Police officer’s use of deadly force on fleeing suspect was objectively unreasonable and violated the Fourth Amendment, but case law was not clearly established, so police officer is entitled to qualified immunity.
Affirmed summary judgment for defendant based on qualified immunity, 2-1, in an opinion filed by Judge Stranch. Judge Clay filed an opinion concurring in part and dissenting in part.
On June 24, 2010, Laszlo Latits was stopped by police for turning the wrong way on a divided boulevard. The police officer testified that he saw bags in the car that he suspected contained drugs. The dashboard camera shows the officer shining his flashlight into the car and raising his gun to Latits’s head at point-blank range. Latits then drove away, and the police pursued. Another officer, Lowell Phillips, repeatedly rammed Latits’ car—in violation of department policy and a direct order not to use this maneuver—and eventually drove Latits off the road. Phillips then jumped out of his car, ran toward Latits, and shot him three times in the chest, killing him. Phillips was subsequently terminated for this conduct.
Latits’s widow sued Phillips under Section 1983, alleging that the shooting of Latits was objectively reasonable, and constituted excessive force in violation of the Fourth Amendment. The district court granted summary judgment to Phillips, finding that the shooting was reasonable.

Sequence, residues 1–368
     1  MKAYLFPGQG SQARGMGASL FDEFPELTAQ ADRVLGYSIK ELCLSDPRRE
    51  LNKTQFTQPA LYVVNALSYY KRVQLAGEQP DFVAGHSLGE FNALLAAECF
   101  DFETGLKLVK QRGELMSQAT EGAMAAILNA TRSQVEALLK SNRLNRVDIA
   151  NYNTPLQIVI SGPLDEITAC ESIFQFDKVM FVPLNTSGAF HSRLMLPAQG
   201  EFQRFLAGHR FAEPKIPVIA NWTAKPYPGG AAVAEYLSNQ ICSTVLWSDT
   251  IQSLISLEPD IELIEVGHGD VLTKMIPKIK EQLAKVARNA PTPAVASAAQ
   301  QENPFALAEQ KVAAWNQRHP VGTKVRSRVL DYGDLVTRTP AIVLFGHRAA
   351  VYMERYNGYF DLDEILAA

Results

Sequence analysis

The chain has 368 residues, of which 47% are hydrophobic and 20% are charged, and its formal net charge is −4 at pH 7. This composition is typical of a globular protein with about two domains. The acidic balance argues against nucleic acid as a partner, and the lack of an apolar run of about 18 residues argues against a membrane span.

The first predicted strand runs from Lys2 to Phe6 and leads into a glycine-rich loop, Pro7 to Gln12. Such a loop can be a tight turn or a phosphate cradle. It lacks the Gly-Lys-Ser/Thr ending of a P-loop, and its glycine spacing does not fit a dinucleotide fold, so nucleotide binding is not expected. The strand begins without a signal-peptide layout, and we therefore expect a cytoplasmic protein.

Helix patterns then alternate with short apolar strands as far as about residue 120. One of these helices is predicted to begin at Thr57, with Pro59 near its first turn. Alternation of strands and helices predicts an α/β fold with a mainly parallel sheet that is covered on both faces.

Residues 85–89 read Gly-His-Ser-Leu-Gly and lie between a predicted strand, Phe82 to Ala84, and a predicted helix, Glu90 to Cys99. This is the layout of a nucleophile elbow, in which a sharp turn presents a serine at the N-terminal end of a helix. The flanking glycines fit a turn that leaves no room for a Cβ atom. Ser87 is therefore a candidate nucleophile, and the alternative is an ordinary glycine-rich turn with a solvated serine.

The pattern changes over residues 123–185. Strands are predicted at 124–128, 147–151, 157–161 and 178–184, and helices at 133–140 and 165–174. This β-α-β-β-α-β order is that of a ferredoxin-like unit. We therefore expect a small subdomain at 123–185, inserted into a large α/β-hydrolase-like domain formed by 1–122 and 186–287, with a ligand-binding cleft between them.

The Sixth Circuit unanimously held that Phillips’s use of deadly force violated Latits’s Fourth Amendment rights, because “considering the totality of the circumstances in the light depicted by the video . . . Latits did not present an imminent or ongoing danger” and therefore “the shooting was not objectively reasonable.” The court also noted that while “police procedures do not set the bounds of the Fourth Amendment,” it was still “relevant that Officer Phillips repeatedly violated police procedures in both ramming Latits and running up to his car.”
But a divided panel of the court nevertheless found that Phillips was entitled to qualified immunity. Despite several cases specifically holding that it was unconstitutional to use deadly force on a fleeing driver who posed no ongoing threat, the court found that the law was not clearly established, because those cases “did not involve many of the keys facts in this case, such as car chases on open roads and collisions between the suspect and police cars.”
Judge Clay, dissenting with respect to the holding on qualified immunity, noted that “[i]t is a truism that every case is distinguishable from every other,” but that “the degree of factual similarity that the majority’s approach requires is probably impossible for any plaintiff to meet.”
- The Seattle Times, January 2, 2018